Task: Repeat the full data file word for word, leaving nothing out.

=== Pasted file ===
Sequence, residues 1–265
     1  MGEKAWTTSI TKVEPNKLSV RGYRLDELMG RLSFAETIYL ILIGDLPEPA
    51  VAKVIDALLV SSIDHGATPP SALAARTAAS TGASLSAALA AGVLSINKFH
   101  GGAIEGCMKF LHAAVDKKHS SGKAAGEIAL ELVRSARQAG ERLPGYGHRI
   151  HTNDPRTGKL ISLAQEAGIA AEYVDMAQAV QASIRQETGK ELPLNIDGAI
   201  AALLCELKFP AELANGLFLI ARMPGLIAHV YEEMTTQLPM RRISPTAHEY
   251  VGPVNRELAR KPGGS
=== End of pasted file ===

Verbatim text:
Sequence, residues 1–265
     1  MGEKAWTTSI TKVEPNKLSV RGYRLDELMG RLSFAETIYL ILIGDLPEPA
    51  VAKVIDALLV SSIDHGATPP SALAARTAAS TGASLSAALA AGVLSINKFH
   101  GGAIEGCMKF LHAAVDKKHS SGKAAGEIAL ELVRSARQAG ERLPGYGHRI
   151  HTNDPRTGKL ISLAQEAGIA AEYVDMAQAV QASIRQETGK ELPLNIDGAI
   201  AALLCELKFP AELANGLFLI ARMPGLIAHV YEEMTTQLPM RRISPTAHEY
   251  VGPVNRELAR KPGGS